One reason disinformation reached epidemic levels is that the mainstream media ignored the early signs of misleading information on social media, Jency Jacob, managing editor at the prominent fact-checking outlet BOOM, told New Lines. By the time the media had caught on, political parties had already harnessed social media. The BJP led the charge, organizing a nationwide network of “IT cells” with the sole purpose of flooding social media with posts in favor of Modi and the party. “It never occurred to us that political parties are building narratives and these people were becoming powerful and influencing large sections of the population,” he said. “We were quite late to the scene.”

Beginning with a team of just two during the November 2016 crisis in the wake of demonetization, Jacob said the concept of fact checking was still so nascent that he had asked the founder of BOOM why it was a separate section “because aren’t we [already] supposed to be writing whatever is based on facts?” Applying old-school journalistic practice, Jacob said the organization analyzed the government’s justifications of demonetization but more often than not found that what it was saying publicly could not be backed by data.

In 2021, in its annual study, BOOM said it had fact-checked 421 political and 166 communal claims, of which 126 targeted India’s minority Muslims. The remainder pertained to misinformation regarding medical science amid the pandemic, disasters and defense matters. It also found that not only was Modi the prime target of misinformation but was also more prone to making misleading claims in his speeches.

Their findings were more or less consistent with the previous year that BOOM describes as the year of “infodemic.” As 2020 began in India with the outbreak of COVID-19, panicked citizens sought information on a hitherto unknown disease. Misinformation and deflection became prevalent.

When COVID-positive cases were detected at the headquarters of the proselytizing Muslim sect Tablighi Jamaat in New Delhi, where its annual global congregation was underway, it became an opportunity to ignore Modi’s slow response to the pandemic and instead to find Muslims at fault for the proliferation of the disease.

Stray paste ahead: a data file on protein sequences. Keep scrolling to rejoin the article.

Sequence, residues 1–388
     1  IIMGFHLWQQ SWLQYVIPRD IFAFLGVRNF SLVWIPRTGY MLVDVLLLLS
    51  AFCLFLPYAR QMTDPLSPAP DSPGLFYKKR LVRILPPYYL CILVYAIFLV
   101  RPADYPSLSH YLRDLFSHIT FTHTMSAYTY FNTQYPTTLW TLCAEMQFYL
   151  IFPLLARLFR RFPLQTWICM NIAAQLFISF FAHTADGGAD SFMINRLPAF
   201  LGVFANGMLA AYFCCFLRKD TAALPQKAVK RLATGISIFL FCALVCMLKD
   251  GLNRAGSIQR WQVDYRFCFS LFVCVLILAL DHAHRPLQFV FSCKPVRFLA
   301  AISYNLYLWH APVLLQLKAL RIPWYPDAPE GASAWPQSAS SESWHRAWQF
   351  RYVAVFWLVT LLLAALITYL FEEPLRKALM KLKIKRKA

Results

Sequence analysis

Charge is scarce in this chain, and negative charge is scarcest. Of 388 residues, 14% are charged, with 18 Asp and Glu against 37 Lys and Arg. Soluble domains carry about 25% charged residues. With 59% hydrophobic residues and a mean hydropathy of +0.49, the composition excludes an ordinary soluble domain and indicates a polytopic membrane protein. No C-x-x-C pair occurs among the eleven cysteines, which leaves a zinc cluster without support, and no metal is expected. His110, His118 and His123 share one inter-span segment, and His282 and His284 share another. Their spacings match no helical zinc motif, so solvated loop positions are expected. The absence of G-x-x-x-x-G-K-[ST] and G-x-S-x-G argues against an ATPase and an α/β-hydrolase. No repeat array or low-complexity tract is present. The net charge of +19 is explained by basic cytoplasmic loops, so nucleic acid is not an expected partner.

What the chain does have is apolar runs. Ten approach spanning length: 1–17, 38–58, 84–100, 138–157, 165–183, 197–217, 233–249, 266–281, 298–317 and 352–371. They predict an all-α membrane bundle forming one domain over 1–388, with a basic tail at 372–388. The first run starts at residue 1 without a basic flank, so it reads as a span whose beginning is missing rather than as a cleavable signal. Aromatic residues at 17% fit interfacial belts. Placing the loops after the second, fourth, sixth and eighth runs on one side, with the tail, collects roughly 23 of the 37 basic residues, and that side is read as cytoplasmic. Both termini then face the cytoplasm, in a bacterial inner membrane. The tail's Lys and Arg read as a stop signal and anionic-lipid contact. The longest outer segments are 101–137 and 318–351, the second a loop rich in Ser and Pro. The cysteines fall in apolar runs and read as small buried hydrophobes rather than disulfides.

Muslims were accused of deliberately spreading the coronavirus by disregarding government advisories and maliciously spitting on food to target the Hindu majority. The terms “corona jihad” and “corona bombs” were used to describe Muslims on Indian television. Moreover, discrimination set in: Muslim hawkers were disallowed from entering Hindu localities, particularly to sell fruits and vegetables, and in many instances were also beaten.

Linking Muslims to the spread of the disease took away attention from the government’s failures to address the public health emergency and the humanitarian crisis resulting from imposing one of the world’s harshest lockdowns.

In the past six years, Jacob said, the volume of disinformation has increased manifold, with seasonal spikes in the run-up to elections. India’s 28 states elect regional governments with a five-year tenure at varying points between India’s general elections, which are also five years apart. The next general election is slated for 2024. “Just before a major state election or national election,” said Jacob, “you will find the quantity of misinformation really going up and then post elections there is a slump. Then it again builds up to the next election.”

The first recognizable moment of disinformation in recent years was the narrative of the “Gujarat Model,” the official branding used for Modi’s tenure as the chief minister of Gujarat from 2002 to 2014. Images from well-developed cities like Shanghai and Singapore circulated on Facebook, falsely portraying them to be infrastructure built by Modi in Gujarat. Even as the state under his leadership showed decline on several governance indicators, many Indians fell for the lie.

Jacob said there is an urgent need for media literacy in India. “People will always be married to their political ideologies and religious faith. But within those pockets, are they able to make sense of the fact that all the content they see on their WhatsApp feeds, do they need to believe that? That’s the kind of media literacy that is required,” he said. “We are working towards that, trying to explain terms, how to read stuff on social media, what is credible and not credible, and how to identify sources.”

Syed Yaqoob Quraishi, former election commissioner of India, told New Lines that disinformation has escalated an atmosphere of hate and polarized the society in general, and not just during elections. “Of course the electoral benefits are going to the BJP,” he said. Calling disinformation a sure-shot winning strategy for the BJP, Quraishi said it was unlikely that Modi’s government or any future BJP-led government would address the issue. “It’s only the courts that can intervene now,” he said. “If fact checking is harming somebody’s interests, they will try to block it. But nationally, we need fact checking.”